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Quaker author Parker Palmer said, “A leader is a person who must take special responsibility for what’s going on inside of himself or herself… lest the act of leadership create more harm than good.”

Leaders often lead others better than they lead themselves! They give themselves away to people, to projects, to pursuits and in the process, they can lose their spiritual passion! There is something energizing and fulfilling in doing what we enjoy… exercising the gifts God has given us… serving, giving, organizing, leading, teaching, encouraging, or caring for and helping people. And God intends for us to use these gifts! We are called to serve others and make a difference. It’s all good except when we begin to let what we DO fill, fire and fuel us rather than pursuing Christ alone as our source of empowering and the center of our joy. Working hard for God will never be a substitute for the personal relationship God wants with us or the work God desires to do in us.

How does one lose that spiritual passion that once burned within? Rarely is it a sudden extinguishing blow but a gradual neglect of tending your own fire! We know that an untended fire is soon reduced to a pile of ashes.  You cannot give what you do not have.

In many ways, we in church leadership, have bought into the world’s high-performance expectations. Leaders measure other leaders by accomplishments but who is asking, “Is it well with your soul?” Accountability for what we do is beneficial, but accountability for our soul’s well-being is crucial. When leaders do not regularly tend their spiritual fire, demands distract from devotion to God leading to depletion, disappointment, discouragement, and even indifference. We never intend to let the passion wane or the fire diminish but an untended spiritual life inevitably results in spiritual weakness and often disaster.

We learn personal leadership best from Jesus. While he was involved with people, he often got away from the crowds and occasionally even from his disciples to spend time alone with His Father. He prayed often. He replenished regularly. He could not afford to be distracted or depleted. He refused to compare himself to anyone nor did He concern himself with the Pharisees’ accusations or expectations. He neither rushed nor hurried. He was never too busy meeting the needs around him to the neglect of fellowship with His Father. Jesus was not driven to perform or succeed in the eyes of man. He simply and humbly obeyed God. He followed His Father’s lead and taught His disciples the necessity of tending their own soul. “What do you benefit if you gain the whole world but are lost or destroyed?” (Luke 9:25)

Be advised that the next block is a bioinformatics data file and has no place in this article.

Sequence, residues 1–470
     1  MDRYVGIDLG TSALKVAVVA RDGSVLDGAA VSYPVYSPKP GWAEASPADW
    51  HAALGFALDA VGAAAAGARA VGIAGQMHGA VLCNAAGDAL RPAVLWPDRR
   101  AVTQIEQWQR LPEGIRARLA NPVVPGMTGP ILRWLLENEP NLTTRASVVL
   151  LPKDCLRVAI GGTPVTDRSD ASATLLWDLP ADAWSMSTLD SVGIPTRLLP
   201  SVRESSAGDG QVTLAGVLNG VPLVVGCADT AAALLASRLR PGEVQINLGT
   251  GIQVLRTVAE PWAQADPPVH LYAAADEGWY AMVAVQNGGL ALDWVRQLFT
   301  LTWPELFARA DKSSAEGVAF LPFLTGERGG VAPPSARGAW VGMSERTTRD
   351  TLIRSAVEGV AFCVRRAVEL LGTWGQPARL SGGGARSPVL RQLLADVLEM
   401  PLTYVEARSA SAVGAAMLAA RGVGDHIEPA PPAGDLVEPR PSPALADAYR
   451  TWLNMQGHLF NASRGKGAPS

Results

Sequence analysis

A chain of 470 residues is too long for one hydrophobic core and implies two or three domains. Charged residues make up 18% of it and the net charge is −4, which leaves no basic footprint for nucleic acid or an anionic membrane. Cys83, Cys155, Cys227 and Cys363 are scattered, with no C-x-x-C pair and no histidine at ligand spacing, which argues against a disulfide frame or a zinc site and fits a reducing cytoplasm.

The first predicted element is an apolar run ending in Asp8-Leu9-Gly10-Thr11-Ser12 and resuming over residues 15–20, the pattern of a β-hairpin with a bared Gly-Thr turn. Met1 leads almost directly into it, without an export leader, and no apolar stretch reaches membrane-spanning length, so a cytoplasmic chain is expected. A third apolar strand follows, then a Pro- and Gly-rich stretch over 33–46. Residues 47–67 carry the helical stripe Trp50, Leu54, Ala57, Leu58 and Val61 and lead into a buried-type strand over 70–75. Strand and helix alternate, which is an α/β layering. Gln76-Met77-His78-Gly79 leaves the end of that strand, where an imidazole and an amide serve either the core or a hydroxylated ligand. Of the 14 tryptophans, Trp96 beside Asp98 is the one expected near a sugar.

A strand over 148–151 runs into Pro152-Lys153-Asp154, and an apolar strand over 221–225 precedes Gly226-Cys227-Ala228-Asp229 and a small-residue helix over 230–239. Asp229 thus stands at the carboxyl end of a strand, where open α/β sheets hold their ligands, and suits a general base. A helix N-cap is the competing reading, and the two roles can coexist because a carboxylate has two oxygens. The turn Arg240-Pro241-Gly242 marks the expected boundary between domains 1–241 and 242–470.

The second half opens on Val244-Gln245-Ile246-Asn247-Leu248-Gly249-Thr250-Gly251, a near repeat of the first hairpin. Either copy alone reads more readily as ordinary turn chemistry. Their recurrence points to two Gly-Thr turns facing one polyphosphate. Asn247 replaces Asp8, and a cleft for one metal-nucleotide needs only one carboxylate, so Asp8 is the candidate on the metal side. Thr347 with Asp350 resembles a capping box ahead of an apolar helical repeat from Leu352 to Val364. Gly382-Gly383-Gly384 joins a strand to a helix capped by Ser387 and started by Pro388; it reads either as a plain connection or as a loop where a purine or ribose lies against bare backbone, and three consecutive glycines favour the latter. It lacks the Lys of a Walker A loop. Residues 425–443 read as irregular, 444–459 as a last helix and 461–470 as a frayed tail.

Personally, I have learned, leading ourselves spiritually is not so difficult, but it does require continual attention! Essentially, it is surrendering leadership to the Lord every day! One can read all the leadership books, attend the best conferences, be known for many accomplishments, but miss intimacy with God. That takes intentional time. Roger C. Palms in his book Enjoying the Closeness of God writes, “The riches of the Spirit-filled life don’t just drop from heaven. God meets us in the discipline of daily obedience.” Leading myself means I desire intimacy more than anything else… enough to respond when I hear the quiet whisper of the Spirit call, ‘come away, my love.’ It is only there, in the secret place, in His Presence, where I renew my strength and replenish my soul. Again, I hear His counsel…

“Guard your heart above all else, for it determines the course of your life… Look straight ahead, and fix your eyes on what lies before you. Mark out a straight path for your feet; stay on the safe path. Don’t get sidetracked; keep your feet from following evil.” (Prov. 4:25-27 NLT)

“Therefore, since we are surrounded by such a great cloud of witnesses, let us throw off everything that hinders and the sin that so easily entangles, and let us run with perseverance the race marked out for us. Let us fix our eyes on Jesus, the author and perfecter of our faith, who for the joy set before him endured the cross, scorning its shame, and sat down at the right hand of the throne of God…. Consider him who endured such opposition from sinful men, so that you will not grow weary and lose heart.” (Heb. 12:1-3)

Honestly answer the question… “Is it well with my soul?”

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